Anita first studied piano under her cousin Jo who was a concert pianist and educator. She later "graduated" to study with Jo’s teacher in New York City, Dr. Edwin Hughes, Editor-in-Chief of G. Schirmer and President of The Bohemians. Practicing the piano was time-consuming, and having perfect pitch, Anita switched to singing. She continued her studies at the Yale School of Music on a full scholarship. After graduation, Anita worked in education and then as an Oracle Database Architect and Administrator at various Fortune 500 companies. Although she didn’t have a profession in music, she never stopped singing. She was the choir director at a Russian Orthodox church for 10 years; and, on the first Sunday of each month for 19 years, she provided the music for the church services at the Bedford Hills Correctional Facility, the only maximum-security women's prison in New York State. 

Below she shares some of her favorite memories from her time at the School of Music and how she stays involved with the Yale community. 

Why Yale? 
As a newlywed, I lived in Stamford, CT, which was an easy commute by train to New Haven. I auditioned for a prospective voice major and a piano minor. The accompanist couldn't play my vocal selection ("I Hear an Army" by Samuel Barber), which is admittedly dissonant and fast. So, I sang it a cappella. I was then asked to sight-read the piano part of a vocal work by Faure. I told the auditioners that I knew the song, but they said that was okay. I played it well and was offered a full scholarship, which I gratefully accepted.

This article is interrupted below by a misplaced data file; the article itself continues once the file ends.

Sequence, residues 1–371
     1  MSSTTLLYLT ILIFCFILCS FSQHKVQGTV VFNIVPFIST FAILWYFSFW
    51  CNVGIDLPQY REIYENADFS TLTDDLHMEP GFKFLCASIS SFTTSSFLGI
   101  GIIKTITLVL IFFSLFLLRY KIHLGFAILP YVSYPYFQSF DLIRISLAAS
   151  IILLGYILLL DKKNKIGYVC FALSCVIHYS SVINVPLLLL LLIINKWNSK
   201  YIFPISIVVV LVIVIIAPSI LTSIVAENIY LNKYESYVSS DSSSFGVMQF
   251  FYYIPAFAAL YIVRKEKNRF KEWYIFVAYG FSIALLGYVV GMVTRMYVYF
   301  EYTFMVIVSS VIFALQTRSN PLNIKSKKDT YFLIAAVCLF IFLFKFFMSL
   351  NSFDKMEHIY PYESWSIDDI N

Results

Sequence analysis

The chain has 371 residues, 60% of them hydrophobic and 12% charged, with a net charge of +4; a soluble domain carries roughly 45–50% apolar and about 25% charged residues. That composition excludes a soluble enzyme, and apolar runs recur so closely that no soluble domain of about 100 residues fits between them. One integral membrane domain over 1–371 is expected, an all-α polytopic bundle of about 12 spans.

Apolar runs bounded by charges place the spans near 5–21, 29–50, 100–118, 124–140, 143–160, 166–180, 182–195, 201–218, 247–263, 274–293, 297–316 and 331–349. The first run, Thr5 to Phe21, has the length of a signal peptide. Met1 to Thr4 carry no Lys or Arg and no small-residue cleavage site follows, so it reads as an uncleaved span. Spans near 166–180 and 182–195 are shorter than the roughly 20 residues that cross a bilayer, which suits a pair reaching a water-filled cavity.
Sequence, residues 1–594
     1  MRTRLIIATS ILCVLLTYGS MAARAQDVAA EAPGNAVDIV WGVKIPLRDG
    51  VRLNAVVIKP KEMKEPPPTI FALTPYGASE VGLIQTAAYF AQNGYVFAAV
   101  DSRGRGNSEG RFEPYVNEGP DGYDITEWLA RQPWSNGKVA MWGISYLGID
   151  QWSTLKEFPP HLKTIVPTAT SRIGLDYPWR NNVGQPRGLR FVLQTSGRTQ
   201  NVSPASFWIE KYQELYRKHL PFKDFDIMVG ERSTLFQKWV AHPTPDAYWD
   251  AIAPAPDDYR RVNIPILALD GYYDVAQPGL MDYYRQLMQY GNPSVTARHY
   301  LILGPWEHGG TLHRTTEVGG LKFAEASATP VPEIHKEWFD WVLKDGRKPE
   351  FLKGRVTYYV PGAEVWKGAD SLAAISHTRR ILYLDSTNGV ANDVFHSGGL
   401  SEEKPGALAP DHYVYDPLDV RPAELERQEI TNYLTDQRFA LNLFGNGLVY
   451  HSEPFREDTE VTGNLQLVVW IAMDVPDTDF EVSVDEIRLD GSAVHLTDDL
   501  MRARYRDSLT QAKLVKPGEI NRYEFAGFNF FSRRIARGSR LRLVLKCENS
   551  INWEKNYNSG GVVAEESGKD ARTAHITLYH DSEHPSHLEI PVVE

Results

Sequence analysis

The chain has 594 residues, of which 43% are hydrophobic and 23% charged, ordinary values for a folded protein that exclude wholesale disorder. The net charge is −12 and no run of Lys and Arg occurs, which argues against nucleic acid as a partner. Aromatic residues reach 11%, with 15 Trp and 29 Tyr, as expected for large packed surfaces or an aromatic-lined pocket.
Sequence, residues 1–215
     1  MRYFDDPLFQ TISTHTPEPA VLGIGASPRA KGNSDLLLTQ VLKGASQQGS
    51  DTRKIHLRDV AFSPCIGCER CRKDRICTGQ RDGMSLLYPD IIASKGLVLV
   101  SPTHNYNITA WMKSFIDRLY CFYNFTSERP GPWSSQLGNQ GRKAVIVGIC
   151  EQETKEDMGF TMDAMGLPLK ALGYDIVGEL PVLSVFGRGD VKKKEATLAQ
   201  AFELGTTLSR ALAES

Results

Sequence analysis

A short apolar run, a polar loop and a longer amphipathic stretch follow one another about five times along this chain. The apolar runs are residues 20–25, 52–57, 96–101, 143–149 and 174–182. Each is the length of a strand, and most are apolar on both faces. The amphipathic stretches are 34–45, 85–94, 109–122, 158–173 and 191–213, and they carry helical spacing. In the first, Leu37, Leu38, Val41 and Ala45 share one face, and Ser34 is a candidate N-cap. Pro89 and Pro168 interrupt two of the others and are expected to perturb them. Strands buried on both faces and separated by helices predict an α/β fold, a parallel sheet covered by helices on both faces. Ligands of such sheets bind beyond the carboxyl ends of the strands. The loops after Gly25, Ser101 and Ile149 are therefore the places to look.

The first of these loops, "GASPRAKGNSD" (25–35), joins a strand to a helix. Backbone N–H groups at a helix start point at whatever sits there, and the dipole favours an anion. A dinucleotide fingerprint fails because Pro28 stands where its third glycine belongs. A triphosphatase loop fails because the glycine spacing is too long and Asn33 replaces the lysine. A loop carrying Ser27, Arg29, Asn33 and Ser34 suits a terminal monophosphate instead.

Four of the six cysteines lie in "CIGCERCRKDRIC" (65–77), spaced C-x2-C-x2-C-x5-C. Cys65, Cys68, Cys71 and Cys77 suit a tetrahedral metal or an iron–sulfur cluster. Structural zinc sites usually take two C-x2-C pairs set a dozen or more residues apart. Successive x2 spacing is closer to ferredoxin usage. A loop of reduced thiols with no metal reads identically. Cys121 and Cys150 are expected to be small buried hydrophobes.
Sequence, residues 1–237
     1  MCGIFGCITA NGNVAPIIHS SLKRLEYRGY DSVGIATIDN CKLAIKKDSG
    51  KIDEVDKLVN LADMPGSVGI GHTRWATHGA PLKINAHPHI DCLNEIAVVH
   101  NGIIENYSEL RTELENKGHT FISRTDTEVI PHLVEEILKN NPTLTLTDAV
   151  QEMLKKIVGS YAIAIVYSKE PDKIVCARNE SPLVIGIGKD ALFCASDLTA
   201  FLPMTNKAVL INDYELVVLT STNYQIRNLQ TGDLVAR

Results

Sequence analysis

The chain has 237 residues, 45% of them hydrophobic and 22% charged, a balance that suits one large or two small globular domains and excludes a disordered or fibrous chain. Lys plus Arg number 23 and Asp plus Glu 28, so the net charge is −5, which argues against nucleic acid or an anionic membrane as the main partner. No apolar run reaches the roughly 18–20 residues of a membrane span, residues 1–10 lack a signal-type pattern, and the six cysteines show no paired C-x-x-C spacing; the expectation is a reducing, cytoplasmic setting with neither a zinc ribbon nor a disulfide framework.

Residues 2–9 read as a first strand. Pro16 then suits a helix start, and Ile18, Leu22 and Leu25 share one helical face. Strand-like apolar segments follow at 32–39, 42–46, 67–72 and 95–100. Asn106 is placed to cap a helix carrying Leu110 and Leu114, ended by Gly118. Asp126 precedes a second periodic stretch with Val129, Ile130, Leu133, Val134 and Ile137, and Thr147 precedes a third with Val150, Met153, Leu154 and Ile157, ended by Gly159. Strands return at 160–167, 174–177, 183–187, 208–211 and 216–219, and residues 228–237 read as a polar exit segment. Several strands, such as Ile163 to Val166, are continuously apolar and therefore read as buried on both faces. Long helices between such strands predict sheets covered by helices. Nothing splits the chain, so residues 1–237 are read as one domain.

What is your most enduring memory of your time at Yale? 
Ben DeLoache was the vocal teacher to whom I was assigned. He was eminently accomplished and larger than life and was the perfect teacher for me. He was a real character, outgoing and fun. He permitted me to take two voice lessons per week. He said he liked my enthusiasm. We were both so pleased when I finally "got it!" 

What is the biggest lesson you learned during your time at Yale and how does that shape who you are today?
I learned that I am malleable. I can learn and do a lot of different things. Also, I learned how to "sell" a song.

How did your time at Yale shape your identity?
Being at Yale gave me both confidence and a love of new types of vocal music. Diction classes ensured that my pronunciation would be sufficiently accurate that I could pass for a native in France, Italy, and Germany (which I did as we treated our son to "the grand tour" when he graduated from Choate). 

How have you stayed engaged with the Yale community since graduating?
I participate in the YaleWomen chat group that meets weekly on Wednesday nights, watch occasional Zoom presentations, and listen to almost all the free online Morse performances of music of all types.

What were your favorite spaces at Yale or in New Haven? Why?
I did not live on campus, but George & Harry's was my go-to place for lunch because it was close to the School of Music, and it was cheap. It was manned by an older gent who sometimes made snide remarks about Yale students, to which I just smiled. One day, I asked the price of the rice pudding. He said, "Two bits." I handed him a quarter and he practically fell over because I knew how much two bits was. He announced to everyone "She knows how much two bits is!" I said, "Of course. I'm a Yale student."

What aspects of Yale do you feel like you talk about most often to people who didn’t go to school here? Why?
The intimacy of the classes, the academic and personal qualities of the teachers, and the openness of the students. There were never any of the "cutthroat" shenanigans I'd heard about regarding other music schools, which shall remain nameless. 

How would you answer? Share your responses with the YAA and they might be featured in an upcoming edition of "Getting to Know You." 

And be sure to check out all the Q&As in the series by visiting our Getting to Know You page.

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